euobserver
Views
6 years ago

Regions & Cities 2012: Economic Crisis & Austerity

  • Text
  • Euwrc
  • Donetsk
  • Europe
  • Culture
  • Growth
  • Silesia
  • Denmark
  • Cities
  • Catalan
  • Croatia
  • Economy
  • Crisis
  • Austerity
  • Regions
  • Cities
  • Brussels
  • Euobserver
The 2012 edition of EUobserver's Regions & Cities magazine looks at the impact of the economic crisis on Europe.

RANkING the REGIONS:

RANkING the REGIONS: pEOple live lONGESt IN NavARRE Every year, the EU spends around €40 billion trying to reduce the differences between rich and poor regions. But large discrepancies remain. By: Philip Ebels T he Bulgarian region of Severozapaden, meaning “northwest,” is the poorest in the EU. The people there have little over a quarter of the average purchasing power of people elsewhere in the Union. In a similar boat is Brussels, the EU capital. It is the third richest region - after Luxembourg - and has more than twice the average to spend. But it is also the second most crowded, with almost 7,000 people living on one square km. Unemployment in places where people live the longest (in Navarre, Spain, and Madrid) is higher than where people live the shortest lives (in Yugoiztochen, Bulgaria, followed by Severozapaden). Of the eight regions where people live the longest, five are Spanish. By contrast, those who live in the inner city of London tend to be able to buy more than three times the average (even though big differences exist within the city). Every year, the EU spends around a €40 billion trying to reduce the differences between rich and poor. But, according to Eurostat, the EU’s statistical office, big differences remain - and not only in terms of income. Of the 270 so-called “Nuts 2” regions in the EU (one level lower than the Nuts 1 “major socio-economic regions”), inner London is not only the richest, it is also the most densely populated, with close to 10,000 people per square km. “ work is not a good thing if you want to live for a long time. By contrast, not even three people per square km live in the French overseas region of Guiana. Least populated in Europe are Iceland and the northernmost Swedish region of Upper Norrland, with little over three inhabitants per square km. Brussels may be rich, but it is also short of work. “I don’t think there is just one reason,” Maria Lozano Uriz of the Navarre representation in Brussels, told EUobserver. Instead, she said, it is a “variety of food quality, lifestyle and genetics, I presume.” It must be an attractive lifestyle. Over one in six people do not have a job, putting the city-state at number 27 on the unemployment list. Number one is Andalucia, with almost one in three out of a job, followed by much of the rest of Spain. Looking at the figures, one might conclude that work is not conducive to longevity. Spain also tops the tourism charts. The first three most popular destinations are the Canary Islands, the Balearic Islands and Catalonia. The Canary Islands in 2011 received almost double the amount of overnight stays than Ile-de-France, or the Paris metropolitan area, the number five on the list. As for Severozapaden, it finds itself once again at the bottom of the list. In 2011, less people came to stay the night than in any other region on record. Navarre - People live longest in this Spanish region Photo: navarra.es 12 OCTOBER 2012 REGIONS & CITIES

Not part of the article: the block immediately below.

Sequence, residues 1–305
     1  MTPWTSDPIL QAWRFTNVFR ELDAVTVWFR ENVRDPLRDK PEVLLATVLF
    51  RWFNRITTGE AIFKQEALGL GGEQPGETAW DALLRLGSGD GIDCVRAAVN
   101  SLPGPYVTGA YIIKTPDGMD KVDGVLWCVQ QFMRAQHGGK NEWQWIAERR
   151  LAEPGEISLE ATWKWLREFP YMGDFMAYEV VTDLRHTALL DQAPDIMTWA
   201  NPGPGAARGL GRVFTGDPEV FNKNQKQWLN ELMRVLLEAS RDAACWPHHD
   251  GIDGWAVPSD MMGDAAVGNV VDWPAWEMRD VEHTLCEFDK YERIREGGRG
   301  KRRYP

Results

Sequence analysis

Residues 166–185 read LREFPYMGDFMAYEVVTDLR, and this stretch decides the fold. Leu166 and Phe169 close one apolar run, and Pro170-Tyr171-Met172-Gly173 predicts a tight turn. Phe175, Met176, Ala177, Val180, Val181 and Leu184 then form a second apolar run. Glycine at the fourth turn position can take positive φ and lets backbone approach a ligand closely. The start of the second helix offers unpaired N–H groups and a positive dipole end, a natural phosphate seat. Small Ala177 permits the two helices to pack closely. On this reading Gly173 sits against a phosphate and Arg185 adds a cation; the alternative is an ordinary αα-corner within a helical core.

OCTOBER 2012 REGIONS & CITIES 13

Copied successfully!

More magazines